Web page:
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Friday, March 15, 2013

Working for nothing

I’ve been the victim of wage theft at least twice in my career.

In the winter of 2001, I was flat broke hitch-hiking through Big Sur when I picked up some day labor with a local carpenter. After a long hard day of lugging plywood up a ladder and swinging a hammer on a rooftop high above the Pacific Ocean, the contractor paid me some – but not all – of what we had agreed to. The balance he was supposed to give me the next day, and I never saw him again.

Then, in 2005, I was working for a newspaper in Oregon when my editor asked us reporters to “manage” our weekly schedules in a way that equals about 40 hours a week, but to fill out our time cards as if we worked 8-hour days (even though as a practical matter we all worked more than 8 hours a day, everyday!).

If you’re reading this post, chances are you have never even considered not getting paid for your work. But chances are your boss has asked you to work for free, or to violate labor laws. Both are wage theft.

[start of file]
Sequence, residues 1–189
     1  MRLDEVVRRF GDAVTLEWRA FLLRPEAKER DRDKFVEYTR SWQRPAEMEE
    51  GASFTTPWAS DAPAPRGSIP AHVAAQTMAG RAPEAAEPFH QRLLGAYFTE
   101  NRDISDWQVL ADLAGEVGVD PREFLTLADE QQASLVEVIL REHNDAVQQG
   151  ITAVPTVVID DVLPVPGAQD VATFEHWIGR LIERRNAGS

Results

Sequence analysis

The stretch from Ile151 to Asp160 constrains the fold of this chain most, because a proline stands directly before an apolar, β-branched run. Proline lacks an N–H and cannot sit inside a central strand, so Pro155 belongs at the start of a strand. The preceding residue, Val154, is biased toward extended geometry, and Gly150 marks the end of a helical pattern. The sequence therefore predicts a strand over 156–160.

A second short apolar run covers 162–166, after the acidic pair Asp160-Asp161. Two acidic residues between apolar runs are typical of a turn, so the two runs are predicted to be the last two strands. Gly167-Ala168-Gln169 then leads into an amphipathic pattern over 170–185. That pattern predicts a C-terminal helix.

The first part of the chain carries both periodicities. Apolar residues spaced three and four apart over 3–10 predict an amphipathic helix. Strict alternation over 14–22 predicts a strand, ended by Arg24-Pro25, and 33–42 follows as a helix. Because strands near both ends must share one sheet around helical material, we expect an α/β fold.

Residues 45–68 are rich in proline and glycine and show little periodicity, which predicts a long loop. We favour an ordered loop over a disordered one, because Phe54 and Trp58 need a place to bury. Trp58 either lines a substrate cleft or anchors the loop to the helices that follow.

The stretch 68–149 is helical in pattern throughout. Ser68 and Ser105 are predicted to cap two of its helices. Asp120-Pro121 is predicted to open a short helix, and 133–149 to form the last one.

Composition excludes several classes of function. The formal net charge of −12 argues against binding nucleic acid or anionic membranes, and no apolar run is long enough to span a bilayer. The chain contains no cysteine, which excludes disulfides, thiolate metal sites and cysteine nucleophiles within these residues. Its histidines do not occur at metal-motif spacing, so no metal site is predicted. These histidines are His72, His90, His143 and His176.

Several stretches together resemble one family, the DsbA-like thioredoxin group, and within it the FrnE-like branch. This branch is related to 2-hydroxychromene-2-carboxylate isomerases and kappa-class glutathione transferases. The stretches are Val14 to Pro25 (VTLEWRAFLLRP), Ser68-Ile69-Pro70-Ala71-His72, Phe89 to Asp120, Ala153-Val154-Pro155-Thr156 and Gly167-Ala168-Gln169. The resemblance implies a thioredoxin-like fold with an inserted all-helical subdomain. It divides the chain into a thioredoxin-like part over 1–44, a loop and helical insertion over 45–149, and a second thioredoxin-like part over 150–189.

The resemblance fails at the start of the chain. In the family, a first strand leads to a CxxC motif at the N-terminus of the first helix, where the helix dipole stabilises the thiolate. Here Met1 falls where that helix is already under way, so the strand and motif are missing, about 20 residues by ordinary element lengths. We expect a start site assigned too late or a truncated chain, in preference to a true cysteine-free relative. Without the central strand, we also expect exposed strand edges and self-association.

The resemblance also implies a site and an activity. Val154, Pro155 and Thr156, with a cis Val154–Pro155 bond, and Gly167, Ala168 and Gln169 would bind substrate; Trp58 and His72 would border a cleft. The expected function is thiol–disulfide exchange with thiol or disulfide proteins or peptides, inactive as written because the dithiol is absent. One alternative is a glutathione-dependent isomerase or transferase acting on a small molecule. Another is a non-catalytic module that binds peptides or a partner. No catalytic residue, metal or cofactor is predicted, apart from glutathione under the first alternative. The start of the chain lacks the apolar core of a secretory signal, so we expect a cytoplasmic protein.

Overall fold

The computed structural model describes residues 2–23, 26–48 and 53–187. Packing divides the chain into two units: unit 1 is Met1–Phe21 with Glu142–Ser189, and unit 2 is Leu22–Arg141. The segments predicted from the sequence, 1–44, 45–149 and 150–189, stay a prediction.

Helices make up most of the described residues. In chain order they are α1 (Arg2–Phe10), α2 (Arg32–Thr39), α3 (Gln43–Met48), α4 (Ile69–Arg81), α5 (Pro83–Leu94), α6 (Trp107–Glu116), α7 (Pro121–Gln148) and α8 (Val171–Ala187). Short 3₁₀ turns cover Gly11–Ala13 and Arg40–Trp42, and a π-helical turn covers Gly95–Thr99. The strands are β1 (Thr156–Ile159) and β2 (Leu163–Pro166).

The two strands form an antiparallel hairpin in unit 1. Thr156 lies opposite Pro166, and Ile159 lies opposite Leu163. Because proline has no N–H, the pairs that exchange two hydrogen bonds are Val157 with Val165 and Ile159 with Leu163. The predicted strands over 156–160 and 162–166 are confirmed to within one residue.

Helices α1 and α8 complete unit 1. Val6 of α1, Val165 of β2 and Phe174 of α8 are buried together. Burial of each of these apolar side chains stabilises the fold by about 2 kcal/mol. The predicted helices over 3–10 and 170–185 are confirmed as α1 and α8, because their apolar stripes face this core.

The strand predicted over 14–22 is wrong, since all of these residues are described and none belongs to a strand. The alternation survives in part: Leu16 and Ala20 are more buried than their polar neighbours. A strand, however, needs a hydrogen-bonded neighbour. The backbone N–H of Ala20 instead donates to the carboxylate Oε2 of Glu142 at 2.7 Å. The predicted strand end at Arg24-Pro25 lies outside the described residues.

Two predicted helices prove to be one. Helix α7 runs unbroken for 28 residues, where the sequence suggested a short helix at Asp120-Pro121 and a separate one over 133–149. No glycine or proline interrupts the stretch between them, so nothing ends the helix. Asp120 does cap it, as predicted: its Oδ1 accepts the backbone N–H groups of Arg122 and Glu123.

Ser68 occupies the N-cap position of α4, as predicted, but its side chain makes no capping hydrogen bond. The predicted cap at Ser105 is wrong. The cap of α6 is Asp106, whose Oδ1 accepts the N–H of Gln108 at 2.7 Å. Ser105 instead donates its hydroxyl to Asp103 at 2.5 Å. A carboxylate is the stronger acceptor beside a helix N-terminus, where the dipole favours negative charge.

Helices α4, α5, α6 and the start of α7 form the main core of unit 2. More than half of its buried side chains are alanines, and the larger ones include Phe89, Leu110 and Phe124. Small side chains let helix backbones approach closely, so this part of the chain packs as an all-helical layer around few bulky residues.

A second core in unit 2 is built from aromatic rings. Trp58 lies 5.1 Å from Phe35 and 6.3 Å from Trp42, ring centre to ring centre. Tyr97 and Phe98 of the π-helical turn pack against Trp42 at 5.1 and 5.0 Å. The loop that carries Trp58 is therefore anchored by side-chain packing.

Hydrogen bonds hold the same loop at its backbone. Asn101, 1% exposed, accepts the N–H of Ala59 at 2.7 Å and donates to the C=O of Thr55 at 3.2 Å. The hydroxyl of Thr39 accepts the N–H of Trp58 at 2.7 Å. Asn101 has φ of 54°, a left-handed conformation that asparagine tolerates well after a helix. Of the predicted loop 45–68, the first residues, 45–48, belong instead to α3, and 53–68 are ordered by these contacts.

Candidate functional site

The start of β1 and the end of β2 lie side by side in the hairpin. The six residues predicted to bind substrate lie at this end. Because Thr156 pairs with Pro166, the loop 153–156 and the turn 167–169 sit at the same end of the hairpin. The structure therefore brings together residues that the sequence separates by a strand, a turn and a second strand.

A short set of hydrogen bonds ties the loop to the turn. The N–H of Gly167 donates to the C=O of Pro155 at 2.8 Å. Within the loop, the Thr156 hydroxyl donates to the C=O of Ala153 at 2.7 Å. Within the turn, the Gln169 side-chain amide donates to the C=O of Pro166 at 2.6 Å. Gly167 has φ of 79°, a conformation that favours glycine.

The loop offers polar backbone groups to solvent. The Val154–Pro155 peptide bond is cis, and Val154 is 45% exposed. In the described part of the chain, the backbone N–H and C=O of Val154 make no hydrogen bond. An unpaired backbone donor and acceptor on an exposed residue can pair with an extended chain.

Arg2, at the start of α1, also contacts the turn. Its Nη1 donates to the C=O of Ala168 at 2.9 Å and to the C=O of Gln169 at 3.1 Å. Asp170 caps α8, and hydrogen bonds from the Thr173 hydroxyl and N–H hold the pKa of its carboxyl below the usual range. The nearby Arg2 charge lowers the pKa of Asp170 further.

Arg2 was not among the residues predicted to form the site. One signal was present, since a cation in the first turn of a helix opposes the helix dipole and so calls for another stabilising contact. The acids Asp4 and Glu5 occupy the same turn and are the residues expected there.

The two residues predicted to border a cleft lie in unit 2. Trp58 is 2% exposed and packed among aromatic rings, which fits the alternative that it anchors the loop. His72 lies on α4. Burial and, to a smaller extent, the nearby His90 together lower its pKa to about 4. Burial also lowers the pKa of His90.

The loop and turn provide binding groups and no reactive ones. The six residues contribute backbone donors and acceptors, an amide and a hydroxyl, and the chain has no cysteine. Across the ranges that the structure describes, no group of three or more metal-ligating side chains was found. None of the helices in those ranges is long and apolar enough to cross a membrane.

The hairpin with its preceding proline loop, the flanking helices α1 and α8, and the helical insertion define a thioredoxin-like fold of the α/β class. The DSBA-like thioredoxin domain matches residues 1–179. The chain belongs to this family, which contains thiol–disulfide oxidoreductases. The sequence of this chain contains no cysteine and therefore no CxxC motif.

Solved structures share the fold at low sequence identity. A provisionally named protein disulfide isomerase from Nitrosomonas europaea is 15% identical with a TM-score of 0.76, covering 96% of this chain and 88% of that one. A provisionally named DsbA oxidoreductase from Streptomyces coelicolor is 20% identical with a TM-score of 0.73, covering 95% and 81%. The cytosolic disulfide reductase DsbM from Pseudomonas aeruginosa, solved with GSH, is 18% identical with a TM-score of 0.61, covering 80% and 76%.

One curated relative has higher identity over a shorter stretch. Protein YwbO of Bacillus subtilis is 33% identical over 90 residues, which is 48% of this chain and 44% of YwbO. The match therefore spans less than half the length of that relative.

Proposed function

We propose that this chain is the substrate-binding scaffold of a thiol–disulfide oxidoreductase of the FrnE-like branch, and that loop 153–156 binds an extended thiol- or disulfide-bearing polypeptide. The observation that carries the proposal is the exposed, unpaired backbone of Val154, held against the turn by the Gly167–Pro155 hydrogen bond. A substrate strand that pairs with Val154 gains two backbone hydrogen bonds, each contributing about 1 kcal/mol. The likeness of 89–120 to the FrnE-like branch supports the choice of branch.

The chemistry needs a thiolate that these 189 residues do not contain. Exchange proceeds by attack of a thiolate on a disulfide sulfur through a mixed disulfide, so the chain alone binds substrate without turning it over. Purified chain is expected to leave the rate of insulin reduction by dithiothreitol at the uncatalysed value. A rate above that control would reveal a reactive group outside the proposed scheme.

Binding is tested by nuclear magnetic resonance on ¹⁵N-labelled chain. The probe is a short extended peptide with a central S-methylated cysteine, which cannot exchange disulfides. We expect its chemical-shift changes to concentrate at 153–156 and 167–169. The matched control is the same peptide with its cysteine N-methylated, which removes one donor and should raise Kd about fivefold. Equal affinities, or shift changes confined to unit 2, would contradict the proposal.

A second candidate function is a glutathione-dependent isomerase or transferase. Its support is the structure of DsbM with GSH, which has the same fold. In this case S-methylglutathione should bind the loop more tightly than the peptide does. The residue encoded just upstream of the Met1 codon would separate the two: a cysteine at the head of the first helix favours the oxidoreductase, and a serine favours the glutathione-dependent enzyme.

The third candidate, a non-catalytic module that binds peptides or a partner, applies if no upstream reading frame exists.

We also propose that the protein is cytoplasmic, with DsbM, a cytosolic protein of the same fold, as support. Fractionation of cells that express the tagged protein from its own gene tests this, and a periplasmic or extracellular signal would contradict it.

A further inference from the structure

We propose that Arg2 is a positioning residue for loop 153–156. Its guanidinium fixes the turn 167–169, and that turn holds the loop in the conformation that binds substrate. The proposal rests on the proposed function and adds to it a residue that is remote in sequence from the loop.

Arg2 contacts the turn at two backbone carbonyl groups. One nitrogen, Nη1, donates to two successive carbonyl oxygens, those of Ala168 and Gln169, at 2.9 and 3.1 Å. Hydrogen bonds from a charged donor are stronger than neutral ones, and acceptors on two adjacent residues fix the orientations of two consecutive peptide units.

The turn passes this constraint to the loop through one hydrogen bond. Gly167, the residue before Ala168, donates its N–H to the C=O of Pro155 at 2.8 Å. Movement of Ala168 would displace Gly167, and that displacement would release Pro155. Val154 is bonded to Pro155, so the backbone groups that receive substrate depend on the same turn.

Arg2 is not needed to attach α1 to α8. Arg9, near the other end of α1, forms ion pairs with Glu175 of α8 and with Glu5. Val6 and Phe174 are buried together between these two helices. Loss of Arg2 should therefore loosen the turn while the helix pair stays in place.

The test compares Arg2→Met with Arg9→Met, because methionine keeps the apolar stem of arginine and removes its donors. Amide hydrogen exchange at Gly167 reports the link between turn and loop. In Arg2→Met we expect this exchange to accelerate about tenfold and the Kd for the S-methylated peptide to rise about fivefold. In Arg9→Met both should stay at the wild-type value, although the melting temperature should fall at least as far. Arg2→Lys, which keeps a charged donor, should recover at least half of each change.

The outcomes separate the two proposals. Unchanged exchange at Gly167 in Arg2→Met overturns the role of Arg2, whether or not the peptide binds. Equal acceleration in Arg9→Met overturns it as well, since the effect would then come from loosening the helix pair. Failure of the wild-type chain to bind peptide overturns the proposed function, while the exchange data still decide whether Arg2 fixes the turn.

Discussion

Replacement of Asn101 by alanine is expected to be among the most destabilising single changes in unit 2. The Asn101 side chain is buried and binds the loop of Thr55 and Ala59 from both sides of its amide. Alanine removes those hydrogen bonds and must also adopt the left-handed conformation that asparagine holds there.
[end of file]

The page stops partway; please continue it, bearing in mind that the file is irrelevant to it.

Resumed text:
And both varieties go extremely unreported. The kind my editor did never gets reported because we’ve all been trained to believe that the way to advance a career is to let powerful people take advantage of you. The other kind – where, for example, the guy who cuts your grass will simply not get paid because he is an undocumented worker and his boss knows he has little recourse – that rarely gets reported either.

But according to Fuerza Laboral, a grassroots group that organizes and advocates for exploited workers, almost $3 million in stolen wages has been reported in Rhode Island since 2002.

Wage theft is a rampant problem amongst working people in Rhode Island. According to the DLT, $2,967,230 was stolen from working people in RI between 2002 and 2011. Immigrant and homeless workers are particularly at risk for having their labor exploited in this way.

Since many cases go unreported, the amount of wages stolen reported by the Rhode Island DLT is much lower than what is actually experienced by the working people of Rhode Island.

Just between the 32 participants in a study done by Fuerza Laboral, they reported at least $170,500 owed to them in unpaid wages, accumulated over the past 5 years.

Note: The people who tend to get their wages stolen in this way don’t tend to vote, so politicians don’t tend to care about this issue.

Bob Plain is the editor/publisher of Rhode Island's Future. Previously, he's worked as a reporter for several different news organizations both in Rhode Island and across the country.